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For Men, Testosterone May Drive Luxury Purchases
A new study finds that testosterone level spikes at pivotal life moments may be a factor in high-roller spending.
By Fran Kritz
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July 5, 2019
Men who buy brand name luxury goods may simply be responding to testosterone bursts, according to a new study.
The study, published this week inNature Communications,was conducted by researchers from the California Institute of Technology (Caltech), the Wharton School at the University of Pennsylvania, the University of Western Ontario, and ZRT Laboratory, a diagnostic lab.
Related: Testosterone and Men's Health and Wellness
How Testosterone Bursts Were Observed
The researchers enrolled 243 male volunteers between the ages of 18 and 55 who were randomly selected to receive a dose of testosterone gel or placebo gel on their chests. They returned to the research site about four hours later when testosterone levels would be near their peak and took tests to measure their preference for different consumer goods.
Related:Where Men Spend Their Childhood Determines Testosterone Level, Study Says
Researchers Isolated Brand Preferences in the Test Subjects
For the first test, each participant got a 10-point scale that had the name of a status consumer brand item at one end and the name of an item with a lower social status at the other. All the participants were asked to move a slider toward the brand they preferred to show how strong their preference for either item was.
The test results showed that the men who received a dose of testosterone had a stronger preference for the luxury brands than men who got the placebo.
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Ads Stressing Quality, Luxury, and Power Were Linked to Testosterone Level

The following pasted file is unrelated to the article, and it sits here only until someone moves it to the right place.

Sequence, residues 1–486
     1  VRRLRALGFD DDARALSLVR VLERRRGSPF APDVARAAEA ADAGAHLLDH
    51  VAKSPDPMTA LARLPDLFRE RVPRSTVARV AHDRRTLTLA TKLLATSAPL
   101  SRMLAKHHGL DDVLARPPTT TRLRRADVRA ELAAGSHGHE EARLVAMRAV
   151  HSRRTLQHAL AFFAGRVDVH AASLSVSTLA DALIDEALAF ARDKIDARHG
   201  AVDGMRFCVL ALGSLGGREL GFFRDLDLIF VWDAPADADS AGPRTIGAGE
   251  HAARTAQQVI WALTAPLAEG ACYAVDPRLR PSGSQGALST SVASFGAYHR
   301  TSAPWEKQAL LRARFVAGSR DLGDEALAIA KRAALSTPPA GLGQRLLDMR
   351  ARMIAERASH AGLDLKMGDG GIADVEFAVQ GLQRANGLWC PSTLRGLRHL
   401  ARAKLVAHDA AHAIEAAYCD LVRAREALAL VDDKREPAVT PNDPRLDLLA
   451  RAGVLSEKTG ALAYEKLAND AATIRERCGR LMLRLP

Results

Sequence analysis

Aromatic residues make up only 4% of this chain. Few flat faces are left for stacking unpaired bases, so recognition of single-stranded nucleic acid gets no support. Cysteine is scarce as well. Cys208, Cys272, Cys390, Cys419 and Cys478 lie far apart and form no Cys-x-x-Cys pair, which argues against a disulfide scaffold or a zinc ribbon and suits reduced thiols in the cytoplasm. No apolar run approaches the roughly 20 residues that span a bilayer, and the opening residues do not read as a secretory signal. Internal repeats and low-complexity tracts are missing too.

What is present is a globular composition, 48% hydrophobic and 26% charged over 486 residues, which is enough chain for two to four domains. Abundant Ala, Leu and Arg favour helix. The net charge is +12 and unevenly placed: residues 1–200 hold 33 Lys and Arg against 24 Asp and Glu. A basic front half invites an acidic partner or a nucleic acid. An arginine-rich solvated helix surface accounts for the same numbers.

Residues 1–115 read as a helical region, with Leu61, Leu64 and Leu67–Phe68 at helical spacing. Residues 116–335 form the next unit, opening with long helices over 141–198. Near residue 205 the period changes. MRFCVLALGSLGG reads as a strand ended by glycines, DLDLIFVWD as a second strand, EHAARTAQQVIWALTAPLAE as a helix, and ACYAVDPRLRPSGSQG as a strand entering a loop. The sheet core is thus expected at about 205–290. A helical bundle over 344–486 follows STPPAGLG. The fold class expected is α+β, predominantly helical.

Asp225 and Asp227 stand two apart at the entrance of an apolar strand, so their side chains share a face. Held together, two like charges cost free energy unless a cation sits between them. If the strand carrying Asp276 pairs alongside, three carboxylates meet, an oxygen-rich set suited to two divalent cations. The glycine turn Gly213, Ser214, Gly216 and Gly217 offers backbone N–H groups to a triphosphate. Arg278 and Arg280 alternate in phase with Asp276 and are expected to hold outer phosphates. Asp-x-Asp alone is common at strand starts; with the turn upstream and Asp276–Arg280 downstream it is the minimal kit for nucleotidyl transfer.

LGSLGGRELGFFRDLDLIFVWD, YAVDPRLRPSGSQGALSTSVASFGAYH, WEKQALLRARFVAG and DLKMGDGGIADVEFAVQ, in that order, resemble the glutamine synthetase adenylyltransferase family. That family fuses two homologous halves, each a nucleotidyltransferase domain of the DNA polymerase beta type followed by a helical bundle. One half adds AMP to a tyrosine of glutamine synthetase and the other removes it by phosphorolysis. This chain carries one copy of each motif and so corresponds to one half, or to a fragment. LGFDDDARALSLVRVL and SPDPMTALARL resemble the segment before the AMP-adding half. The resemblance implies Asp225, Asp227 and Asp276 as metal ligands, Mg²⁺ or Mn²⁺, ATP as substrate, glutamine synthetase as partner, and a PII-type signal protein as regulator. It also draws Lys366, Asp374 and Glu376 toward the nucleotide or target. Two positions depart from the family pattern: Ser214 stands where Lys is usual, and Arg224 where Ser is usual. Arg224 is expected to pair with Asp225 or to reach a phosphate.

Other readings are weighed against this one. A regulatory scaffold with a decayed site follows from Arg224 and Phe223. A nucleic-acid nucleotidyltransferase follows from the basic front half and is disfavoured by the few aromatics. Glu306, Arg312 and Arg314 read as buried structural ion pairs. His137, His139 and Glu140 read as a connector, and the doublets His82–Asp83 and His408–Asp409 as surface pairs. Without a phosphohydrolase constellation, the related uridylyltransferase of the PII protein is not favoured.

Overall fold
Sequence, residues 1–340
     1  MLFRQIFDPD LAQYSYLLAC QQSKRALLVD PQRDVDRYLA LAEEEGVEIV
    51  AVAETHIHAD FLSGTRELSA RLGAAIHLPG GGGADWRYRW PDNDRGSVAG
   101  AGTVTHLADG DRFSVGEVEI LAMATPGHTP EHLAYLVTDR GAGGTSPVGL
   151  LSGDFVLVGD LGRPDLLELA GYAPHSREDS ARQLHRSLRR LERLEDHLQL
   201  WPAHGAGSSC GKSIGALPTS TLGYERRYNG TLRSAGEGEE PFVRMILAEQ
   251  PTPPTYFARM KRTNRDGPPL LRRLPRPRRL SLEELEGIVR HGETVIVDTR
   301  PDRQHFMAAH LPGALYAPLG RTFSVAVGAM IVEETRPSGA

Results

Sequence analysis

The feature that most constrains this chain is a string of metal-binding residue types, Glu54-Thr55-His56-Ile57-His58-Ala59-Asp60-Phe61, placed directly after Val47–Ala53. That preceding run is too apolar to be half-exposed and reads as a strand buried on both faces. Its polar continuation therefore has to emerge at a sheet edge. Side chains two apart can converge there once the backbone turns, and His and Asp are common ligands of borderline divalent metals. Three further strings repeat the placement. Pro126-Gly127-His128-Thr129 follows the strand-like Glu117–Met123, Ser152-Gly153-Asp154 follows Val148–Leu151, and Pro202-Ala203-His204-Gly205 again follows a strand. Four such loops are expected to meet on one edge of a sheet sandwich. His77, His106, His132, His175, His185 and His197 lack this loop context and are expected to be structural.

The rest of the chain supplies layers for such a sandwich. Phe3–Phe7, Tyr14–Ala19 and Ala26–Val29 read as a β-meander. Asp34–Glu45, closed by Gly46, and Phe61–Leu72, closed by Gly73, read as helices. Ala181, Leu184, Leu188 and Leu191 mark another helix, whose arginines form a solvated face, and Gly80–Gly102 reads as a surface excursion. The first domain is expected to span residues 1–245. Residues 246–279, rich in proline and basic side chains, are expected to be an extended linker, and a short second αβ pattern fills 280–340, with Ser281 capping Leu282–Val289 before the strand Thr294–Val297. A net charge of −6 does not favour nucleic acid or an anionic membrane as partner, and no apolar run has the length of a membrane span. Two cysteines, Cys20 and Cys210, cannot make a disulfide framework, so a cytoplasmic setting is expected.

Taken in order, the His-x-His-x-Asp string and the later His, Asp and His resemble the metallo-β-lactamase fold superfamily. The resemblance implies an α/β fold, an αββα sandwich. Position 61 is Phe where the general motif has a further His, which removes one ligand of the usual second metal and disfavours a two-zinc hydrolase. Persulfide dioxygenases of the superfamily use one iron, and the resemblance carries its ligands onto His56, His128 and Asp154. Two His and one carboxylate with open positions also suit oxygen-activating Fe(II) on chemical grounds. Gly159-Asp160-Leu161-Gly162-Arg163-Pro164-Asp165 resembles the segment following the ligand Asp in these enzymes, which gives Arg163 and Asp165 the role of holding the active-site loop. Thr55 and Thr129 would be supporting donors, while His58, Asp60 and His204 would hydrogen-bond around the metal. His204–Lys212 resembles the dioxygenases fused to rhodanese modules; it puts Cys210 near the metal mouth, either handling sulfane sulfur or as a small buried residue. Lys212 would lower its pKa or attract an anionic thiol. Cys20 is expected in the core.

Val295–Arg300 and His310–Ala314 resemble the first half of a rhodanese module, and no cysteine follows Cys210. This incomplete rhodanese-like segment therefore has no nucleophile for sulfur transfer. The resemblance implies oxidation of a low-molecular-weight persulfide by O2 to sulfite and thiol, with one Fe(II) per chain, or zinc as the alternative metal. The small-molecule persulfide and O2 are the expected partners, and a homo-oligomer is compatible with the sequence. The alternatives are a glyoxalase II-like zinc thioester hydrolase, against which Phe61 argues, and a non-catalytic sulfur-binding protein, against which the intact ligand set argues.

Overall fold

For the second test, the participants saw a series of consumer ads for goods, such as a pair of pants, a car, and a pair of sunglasses. They were randomly presented with one of three versions of an advertisement for each item, with each version of the ad emphasizing either the item's quality, luxuriousness, or power. After reviewing the ad, they were asked to rate their attitude toward that item on a scale of 1 to 10.
The researchers found that the men who had received a dose of testosterone had a stronger preference for luxury goods than men who had received the placebo, but there was no increase in preference in the testosterone group for goods that were advertised as powerful or higher in quality.
Related:Deconstructing Sex Drive: What Your Libido Says About Your Health
When Do Testosterone Levels Spike Outside the Research Lab?
While the testosterone boosts in the study were artificial, in real life, according to the researchers, men get natural boosts of testosterone after certain events, including sports events; when seeing attractive potential mates; and during significant life events, such as graduation and marriage. “Our results suggest that in such contexts, male consumers might … find status-related brand communications more appealing,” say the researchers.
More Studies on Testosterone Levels Are Needed